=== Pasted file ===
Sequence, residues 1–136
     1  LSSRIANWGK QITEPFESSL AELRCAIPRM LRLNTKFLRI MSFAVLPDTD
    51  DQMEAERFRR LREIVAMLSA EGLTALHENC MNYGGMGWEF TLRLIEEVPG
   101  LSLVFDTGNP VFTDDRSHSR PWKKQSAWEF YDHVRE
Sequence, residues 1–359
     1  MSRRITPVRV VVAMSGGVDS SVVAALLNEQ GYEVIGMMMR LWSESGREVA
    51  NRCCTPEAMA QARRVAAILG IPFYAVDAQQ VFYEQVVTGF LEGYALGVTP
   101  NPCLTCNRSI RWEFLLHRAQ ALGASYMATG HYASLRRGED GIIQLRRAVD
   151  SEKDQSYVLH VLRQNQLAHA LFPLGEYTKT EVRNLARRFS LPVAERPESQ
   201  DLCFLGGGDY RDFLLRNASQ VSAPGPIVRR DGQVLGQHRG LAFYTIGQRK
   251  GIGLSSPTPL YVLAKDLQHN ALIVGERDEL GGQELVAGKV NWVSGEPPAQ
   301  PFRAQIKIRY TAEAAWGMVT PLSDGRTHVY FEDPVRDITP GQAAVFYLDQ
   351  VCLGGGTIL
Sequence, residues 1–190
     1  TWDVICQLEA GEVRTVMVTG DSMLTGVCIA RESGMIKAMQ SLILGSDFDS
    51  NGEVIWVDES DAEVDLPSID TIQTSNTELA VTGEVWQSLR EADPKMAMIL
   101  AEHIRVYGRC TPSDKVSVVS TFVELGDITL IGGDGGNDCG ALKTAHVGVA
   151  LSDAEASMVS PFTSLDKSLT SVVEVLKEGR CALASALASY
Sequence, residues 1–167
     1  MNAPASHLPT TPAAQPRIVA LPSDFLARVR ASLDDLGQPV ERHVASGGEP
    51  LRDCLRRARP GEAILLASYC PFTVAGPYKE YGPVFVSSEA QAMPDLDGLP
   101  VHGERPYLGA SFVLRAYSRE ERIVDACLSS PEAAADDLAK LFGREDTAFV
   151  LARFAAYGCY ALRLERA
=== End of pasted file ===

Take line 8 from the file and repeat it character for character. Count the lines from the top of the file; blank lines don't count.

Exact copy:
   101  NPCLTCNRSI RWEFLLHRAQ ALGASYMATG HYASLRRGED GIIQLRRAVD